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Frontera Helps the Science That Transforms Society

Published on September 16, 2019 by Jorge Salazar

Fleming Crim, Chief Operating Officer of the National Science Foundation, in the TACC Podcast studio.

The Texas Advanced Computing Center (TACC) celebrated the official launch of its newest supercomputing system, Frontera, funded by a $60 million award from the National Science Foundation. Frontera aims to help scientists with the cyberinfrastructure resources to tackle some of the biggest unknowns in science. And it's made a promising start, with an initial rank of #5 fastest supercomputer in the world and #1 fastest academic system, according to the June 2019 Top500 rankings.

Fleming Crim, the Chief Operating Officer of the National Science Foundation, gave opening remarks at the dedication event for the launch of Frontera. TACC Podcast host Jorge Salazar interviewed Crim about the NSF-funded Frontera system and the value of supercomputers for fundamental research.

The NSF has for decades made large investments in cyberinfrastructure, the online ecosystem shared by researchers, backed up by advanced computing resources, hosted in data centers, and supported by experts. Would you speak to how supercomputing resources stimulate good ideas in fundamental research?

There are really two parts to how that works. There's a set of sophisticated users who flock to any new resource and will be able to think about doing things they never could do before. These people will actually end up pushing back the frontiers, but in an area where they simply knew they needed more capacity. For example, they would say, if we only had this capability, I could calculate this thing, I could do this computation. I could analyze this data set. On the other hand, there are what I guess I would call the ‘naive' users, for the lack of a better word, but certainly not the sophisticated experts. They're going to profit, and new ideas are going to come about because something like Frontera will allow them to do things they could never do before, not solely because of its capabilities, but because of the access it will provide, in particular new software… Frontera is looking to do a lot of outreach with the idea of bringing users who can profit from sophisticated computation in. This is going to push back the Frontiers, not only in areas you automatically think of with high-powered computation, but also in areas where computation is ready to make a difference, but its users are not quite sophisticated enough yet.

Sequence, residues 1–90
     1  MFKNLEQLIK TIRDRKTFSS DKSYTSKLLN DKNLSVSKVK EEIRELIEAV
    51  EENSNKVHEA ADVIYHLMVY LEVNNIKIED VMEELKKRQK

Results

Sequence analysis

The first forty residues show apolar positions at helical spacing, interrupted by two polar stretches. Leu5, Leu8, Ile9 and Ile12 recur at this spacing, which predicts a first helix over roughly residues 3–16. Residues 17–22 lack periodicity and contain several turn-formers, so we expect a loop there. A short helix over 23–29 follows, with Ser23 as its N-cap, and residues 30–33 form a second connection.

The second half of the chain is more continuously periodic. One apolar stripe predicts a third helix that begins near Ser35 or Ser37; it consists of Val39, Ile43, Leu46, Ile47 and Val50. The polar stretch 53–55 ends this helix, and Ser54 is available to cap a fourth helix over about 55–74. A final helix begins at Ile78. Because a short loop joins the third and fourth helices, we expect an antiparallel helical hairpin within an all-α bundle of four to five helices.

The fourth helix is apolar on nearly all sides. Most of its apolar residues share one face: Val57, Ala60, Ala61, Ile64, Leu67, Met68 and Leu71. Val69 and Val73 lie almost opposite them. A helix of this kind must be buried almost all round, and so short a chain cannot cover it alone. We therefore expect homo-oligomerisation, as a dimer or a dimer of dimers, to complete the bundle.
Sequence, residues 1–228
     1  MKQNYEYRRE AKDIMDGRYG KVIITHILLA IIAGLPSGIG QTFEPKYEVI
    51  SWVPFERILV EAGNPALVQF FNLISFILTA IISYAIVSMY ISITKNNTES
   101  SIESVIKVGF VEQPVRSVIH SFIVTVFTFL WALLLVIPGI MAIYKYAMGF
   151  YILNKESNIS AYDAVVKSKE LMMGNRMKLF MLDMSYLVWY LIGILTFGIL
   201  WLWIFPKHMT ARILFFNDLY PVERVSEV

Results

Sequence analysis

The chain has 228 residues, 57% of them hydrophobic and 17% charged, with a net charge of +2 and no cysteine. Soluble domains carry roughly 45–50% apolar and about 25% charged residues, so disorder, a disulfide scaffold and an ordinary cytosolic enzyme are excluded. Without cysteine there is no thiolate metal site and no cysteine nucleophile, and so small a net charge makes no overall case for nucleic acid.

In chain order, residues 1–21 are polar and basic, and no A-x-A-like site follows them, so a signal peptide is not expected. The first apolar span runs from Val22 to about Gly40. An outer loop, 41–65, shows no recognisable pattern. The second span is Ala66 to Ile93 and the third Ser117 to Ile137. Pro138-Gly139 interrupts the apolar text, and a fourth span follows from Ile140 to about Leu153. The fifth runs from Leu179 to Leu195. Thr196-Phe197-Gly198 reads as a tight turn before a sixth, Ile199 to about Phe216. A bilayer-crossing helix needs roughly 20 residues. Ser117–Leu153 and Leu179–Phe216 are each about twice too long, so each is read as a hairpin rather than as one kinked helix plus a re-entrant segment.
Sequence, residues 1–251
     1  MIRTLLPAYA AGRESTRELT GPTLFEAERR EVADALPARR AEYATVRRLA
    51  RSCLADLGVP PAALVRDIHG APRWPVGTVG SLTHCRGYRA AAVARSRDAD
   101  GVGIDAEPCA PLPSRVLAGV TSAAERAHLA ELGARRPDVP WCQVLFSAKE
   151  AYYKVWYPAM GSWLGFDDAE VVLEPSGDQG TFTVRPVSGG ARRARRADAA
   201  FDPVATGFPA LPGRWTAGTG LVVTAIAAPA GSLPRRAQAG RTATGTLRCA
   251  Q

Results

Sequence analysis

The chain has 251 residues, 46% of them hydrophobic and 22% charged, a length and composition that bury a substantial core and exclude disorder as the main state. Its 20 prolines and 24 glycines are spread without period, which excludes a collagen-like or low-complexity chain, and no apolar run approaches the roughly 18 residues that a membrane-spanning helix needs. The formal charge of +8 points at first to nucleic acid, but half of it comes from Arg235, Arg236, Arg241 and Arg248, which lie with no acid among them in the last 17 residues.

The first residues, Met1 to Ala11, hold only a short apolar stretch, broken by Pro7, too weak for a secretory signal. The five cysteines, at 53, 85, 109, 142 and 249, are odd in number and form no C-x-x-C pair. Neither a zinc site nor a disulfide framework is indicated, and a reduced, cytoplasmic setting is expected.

TACC dedicated today its new Frontera system, with funding awarded by the National Science Foundation. What are some of the ways you see Frontera serving the nation's scientists, and non-scientists?

Tommy Minyard (R), TACC Director of Director of Advanced Computing Systems, leads a tour of the Frontera supercomputer with Fleming Crim (L).
I just commented on the way that various kinds of scientists of different levels of experience with computation are going to profit from this. But there's actually a meta-response to that question about how is this going to help everyone. I'm going to back up and comment on NSF's mission. NSF's mission is to support fundamental research broadly across all disciplines. That has tremendous consequences for everybody. First, the obvious consequence of something like Frontera is that people who want to do sophisticated computations can now do them in a way that they could never do them before, and think about addressing problems they could never address. But in fact, that benefits everyone in the nation, because fundamental science is what transforms our future. At the NSF, we think about how fundamental science pushes back the frontiers in order for us to be competitive internationally; to drive our economy to new heights; and to promote our national security. So those three things — promoting national security; economic competitiveness; and being a world leader — are the things that motivate us. Fundament research makes that happen.